Some books begin as a dare to the self. Marianne Boruch’s newest collection, Cadaver, Speak, is an unsettling double, a heart of two chambers. The first half is attuned to history—how time hits us, and grief—and to art and its making. The second half, the title sequence, is spoken by a ninety-nine-year-old who donated her body for dissection by medical students, a laboratory experience in which the poet, duly silenced, was privileged to take part. Born from lyric impulse, which is Boruch’s scalpel, her work examines love, death, beauty, and knowledge—the great subjects of poetry made new by a riveting reimagining.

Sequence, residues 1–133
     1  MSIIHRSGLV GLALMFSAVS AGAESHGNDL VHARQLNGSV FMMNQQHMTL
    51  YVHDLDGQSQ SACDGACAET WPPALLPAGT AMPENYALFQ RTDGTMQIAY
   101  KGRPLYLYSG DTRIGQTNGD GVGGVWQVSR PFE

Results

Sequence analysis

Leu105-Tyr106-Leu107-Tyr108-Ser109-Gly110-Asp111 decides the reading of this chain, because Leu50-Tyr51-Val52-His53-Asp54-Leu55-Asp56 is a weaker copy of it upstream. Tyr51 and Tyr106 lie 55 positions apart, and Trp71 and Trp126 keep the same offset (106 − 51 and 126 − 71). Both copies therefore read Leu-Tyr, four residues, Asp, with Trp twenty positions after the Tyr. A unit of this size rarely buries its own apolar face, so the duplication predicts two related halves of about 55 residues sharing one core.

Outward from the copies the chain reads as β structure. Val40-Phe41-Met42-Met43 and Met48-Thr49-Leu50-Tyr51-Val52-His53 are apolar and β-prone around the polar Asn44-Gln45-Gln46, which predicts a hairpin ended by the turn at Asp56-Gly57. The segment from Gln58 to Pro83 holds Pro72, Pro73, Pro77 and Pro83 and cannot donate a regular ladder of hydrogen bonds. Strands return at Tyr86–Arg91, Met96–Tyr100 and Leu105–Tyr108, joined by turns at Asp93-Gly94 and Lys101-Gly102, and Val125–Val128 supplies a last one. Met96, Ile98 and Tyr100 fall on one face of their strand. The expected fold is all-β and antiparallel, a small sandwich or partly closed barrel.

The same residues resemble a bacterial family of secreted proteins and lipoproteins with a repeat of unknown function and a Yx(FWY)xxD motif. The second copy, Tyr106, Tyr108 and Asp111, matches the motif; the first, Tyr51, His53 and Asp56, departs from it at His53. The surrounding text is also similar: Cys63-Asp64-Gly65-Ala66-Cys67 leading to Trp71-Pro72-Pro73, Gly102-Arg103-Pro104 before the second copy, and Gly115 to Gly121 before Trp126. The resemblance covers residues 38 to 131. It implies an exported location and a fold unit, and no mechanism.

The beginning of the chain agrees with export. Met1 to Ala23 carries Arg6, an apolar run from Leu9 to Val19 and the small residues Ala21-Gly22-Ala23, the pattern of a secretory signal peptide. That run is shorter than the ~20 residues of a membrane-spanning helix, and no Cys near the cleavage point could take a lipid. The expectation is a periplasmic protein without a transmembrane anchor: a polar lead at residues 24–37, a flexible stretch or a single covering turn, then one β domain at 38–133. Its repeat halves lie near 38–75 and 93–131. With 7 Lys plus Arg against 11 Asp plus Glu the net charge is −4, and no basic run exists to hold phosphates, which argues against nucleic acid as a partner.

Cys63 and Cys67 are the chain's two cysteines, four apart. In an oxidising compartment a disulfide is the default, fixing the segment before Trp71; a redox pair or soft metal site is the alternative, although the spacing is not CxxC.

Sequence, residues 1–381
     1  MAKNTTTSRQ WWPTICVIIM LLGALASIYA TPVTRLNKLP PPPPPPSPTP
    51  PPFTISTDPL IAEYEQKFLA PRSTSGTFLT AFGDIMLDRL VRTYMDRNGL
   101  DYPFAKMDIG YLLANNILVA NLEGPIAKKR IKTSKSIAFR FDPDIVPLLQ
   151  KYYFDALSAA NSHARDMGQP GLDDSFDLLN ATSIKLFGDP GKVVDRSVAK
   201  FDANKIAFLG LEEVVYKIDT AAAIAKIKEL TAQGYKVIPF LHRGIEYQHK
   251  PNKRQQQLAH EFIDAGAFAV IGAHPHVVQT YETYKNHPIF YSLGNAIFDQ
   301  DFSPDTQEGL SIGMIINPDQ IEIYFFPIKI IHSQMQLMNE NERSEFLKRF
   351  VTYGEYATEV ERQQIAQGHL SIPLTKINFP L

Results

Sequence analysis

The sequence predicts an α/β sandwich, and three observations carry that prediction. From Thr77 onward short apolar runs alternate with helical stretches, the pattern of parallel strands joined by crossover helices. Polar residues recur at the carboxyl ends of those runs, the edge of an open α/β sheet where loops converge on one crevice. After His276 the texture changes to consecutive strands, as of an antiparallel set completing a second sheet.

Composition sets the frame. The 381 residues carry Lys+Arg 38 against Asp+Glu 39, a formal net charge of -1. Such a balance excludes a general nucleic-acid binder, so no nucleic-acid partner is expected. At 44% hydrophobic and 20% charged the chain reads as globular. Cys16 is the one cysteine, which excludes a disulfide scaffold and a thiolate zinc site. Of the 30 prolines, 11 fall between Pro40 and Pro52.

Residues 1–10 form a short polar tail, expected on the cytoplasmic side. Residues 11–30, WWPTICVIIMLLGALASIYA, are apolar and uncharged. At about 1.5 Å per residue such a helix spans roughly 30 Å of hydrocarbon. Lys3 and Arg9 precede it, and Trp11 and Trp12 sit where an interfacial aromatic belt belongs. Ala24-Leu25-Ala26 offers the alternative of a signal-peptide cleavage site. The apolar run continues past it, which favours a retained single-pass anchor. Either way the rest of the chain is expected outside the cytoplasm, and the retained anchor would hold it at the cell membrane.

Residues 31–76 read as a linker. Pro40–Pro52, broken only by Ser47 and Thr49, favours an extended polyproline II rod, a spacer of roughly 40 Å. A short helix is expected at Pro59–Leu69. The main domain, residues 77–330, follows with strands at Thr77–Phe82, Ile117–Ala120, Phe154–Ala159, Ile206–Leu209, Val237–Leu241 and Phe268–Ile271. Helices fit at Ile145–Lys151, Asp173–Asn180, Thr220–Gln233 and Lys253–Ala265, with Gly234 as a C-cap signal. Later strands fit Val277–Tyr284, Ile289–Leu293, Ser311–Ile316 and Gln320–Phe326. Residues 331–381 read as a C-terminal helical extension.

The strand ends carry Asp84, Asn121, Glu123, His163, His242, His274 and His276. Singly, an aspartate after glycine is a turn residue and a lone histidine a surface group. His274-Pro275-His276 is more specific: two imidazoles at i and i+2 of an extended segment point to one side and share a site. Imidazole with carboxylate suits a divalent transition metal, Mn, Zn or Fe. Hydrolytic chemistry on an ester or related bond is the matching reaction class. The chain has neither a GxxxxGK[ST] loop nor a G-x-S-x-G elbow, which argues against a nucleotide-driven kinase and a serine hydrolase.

“Send a poet like Boruch to work in a cadaver lab and extraordinary poems come to life.” —Publishers Weekly
“Marianne Boruch’s work has the wonderful, commanding power of true attention: she sees and considers with intensity.” —Washington Post
“Boruch has always been a poet driven by curiosity, turning her wry, quizzical gaze on the ordinary world in order to uncover its essential strangeness, but this thematic focus takes her even farther in that direction… Boruch’s great achievement in this book, it seems to me, is how fully and precisely she engages the mysteries of consciousness and its relation to the body without foreclosing on any of its possibilities. When cadavers speak, we should listen.” —FIELD